Women In Film and TV: On Creating Content That Represents Women In The Three Dimensional Fierceness They Deserve

It’s been a year since my first feature film, as producer, Empire of Dirt premiered at TIFF (The Toronto International Film Festival). So much has happened for this little film since then, including a theatrical release in Canadian cities, play on Air Canada, iTunes and Rogers On Demand. All great platforms that I’m grateful to have been showcased on.

But, I have to say that some of the most exciting times for me and this film have taken place on the festival circuit. It has travelled around the world and I’ve accompanied it to some. (These days I don’t travel as much as I used to because I want to be with my kids as much as humanly possible.)

“If I Could Snap My Fingers and Make One Happen…”

The wonderful thing about festivals is that it incorporates that “thing” that theatre has and film doesn’t. A live relationship with an audience. Sitting in your movie WITH an audience full of strangers and then standing in front of them for an extended period of time for a Q & A, creates that spark between ME and the audience that a film actor doesn’t otherwise get.

By the way, I was also IN Empire of Dirt.

So, as I stood in front of audiences across the continent, fielding questions and reacting to criticisms and accolades alike, I realized something new about this film and my experience making it.

As if it isn’t already challenging enough telling a “Native” story, this film also happened to star 3 generations of Native women.

We (writer, Shannon Masters and director Peter Stebbings), set out to tell an honest story about a family. What I didn’t realize was that the weight of the cultural component was less impactful than the weight of the gender issue. I mean when and where do you ever see stories that are told through the eyes of women? And even then, when do you see THREE strong, three dimensional female characters at the helm of any feature film. Yes it exists, and definitely more so in television but I have to say; the most common comment about my film is how refreshing it was to see women being women. Flawed and still captivating. Women from all over are relating to this film.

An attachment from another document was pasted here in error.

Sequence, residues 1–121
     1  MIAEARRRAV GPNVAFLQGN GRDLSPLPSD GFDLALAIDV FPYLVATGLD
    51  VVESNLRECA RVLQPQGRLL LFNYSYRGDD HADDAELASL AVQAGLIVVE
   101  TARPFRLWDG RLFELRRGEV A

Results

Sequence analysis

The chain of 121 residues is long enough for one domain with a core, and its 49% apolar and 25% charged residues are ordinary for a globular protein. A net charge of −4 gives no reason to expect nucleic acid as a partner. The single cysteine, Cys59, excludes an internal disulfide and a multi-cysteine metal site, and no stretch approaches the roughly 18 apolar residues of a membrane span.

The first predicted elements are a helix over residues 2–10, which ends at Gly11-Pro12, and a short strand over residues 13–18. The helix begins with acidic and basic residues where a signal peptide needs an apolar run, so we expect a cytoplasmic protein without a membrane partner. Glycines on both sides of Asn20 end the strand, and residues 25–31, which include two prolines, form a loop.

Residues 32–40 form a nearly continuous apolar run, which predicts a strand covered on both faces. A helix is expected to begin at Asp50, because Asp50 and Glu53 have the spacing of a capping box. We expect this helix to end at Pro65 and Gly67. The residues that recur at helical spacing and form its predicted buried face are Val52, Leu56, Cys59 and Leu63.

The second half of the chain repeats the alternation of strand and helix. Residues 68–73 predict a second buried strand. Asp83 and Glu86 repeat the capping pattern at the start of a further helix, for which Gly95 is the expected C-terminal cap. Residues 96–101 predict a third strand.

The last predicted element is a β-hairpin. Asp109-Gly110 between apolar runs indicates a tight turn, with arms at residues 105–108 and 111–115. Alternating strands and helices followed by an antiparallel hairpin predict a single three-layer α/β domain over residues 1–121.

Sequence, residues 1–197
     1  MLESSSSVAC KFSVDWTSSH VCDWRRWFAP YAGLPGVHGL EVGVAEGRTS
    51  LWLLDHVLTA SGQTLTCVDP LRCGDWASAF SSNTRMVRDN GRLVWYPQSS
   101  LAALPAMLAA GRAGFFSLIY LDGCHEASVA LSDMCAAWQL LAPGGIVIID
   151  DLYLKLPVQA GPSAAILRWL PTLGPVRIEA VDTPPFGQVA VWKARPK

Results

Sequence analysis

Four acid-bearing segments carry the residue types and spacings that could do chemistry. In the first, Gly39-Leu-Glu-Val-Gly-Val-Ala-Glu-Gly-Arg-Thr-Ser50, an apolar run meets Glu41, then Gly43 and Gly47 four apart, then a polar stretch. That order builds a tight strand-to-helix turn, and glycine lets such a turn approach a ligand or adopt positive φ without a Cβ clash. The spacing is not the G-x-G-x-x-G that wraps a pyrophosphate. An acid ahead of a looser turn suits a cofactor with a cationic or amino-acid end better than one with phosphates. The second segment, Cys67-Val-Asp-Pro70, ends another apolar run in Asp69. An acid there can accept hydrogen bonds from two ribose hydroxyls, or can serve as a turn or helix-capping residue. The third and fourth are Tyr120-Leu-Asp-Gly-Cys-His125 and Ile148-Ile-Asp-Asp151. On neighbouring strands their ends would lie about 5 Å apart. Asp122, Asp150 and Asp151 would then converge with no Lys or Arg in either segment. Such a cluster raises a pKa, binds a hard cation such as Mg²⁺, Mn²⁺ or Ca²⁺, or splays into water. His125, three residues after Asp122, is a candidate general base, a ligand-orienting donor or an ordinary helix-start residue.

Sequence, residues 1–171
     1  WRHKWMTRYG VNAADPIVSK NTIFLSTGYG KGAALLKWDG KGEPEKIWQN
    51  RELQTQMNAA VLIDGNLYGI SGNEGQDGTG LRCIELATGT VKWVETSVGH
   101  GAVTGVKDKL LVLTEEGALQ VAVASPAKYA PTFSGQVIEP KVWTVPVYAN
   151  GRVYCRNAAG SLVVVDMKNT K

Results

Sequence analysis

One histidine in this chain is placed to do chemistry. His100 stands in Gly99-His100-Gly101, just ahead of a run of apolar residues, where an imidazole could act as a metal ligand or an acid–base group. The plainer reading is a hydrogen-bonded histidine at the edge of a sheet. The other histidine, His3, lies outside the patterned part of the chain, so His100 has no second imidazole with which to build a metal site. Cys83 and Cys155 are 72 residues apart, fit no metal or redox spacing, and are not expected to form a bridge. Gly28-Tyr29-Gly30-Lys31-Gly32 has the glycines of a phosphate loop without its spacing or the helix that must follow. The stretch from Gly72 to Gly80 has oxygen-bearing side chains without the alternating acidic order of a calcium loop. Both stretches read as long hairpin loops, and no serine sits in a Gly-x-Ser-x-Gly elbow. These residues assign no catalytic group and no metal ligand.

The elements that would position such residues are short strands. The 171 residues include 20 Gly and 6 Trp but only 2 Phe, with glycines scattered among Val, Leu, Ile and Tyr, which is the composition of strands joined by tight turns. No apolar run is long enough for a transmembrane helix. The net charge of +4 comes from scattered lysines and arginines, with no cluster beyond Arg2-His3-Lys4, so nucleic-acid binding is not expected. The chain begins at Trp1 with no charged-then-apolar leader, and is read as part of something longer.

I’ve been at festivals where women of all backgrounds are crying as they ask their question.

It didn’t occur to me that we were making a WOMAN’S story as much as we were making a “Native” story.

I suppose it makes perfect sense, I am a woman. I’ve been storyteller all my life. They say you should write about what you know. It makes sense that I gravitated towards a story of women who don’t feel like they fit in. A story of teen moms, (I’m the product of one). A film that touches on themes of cultural shame, residential school and a family’s inability to openly talk about their pain. And of course, all of this told through the perspective of women. It isn’t my own personal life story but I relate intimately to all its pieces.

All of this to say, I am incredibly grateful to have been able to tell this story. I plan on using my experience making the film to help other filmmakers tell their stories, especially the ones that exist in the margin and might have a hard time finding an audience. I will use it as a tool to educate audiences around the world and I will continue to create content that represents women in the three dimensional fierceness they deserve.

Thanks for listening,

One Comment

  1. Reply
    David Reid 09/09/2014

    How fortunate these audiences (women and men alike) have been to have had you at these screenings.

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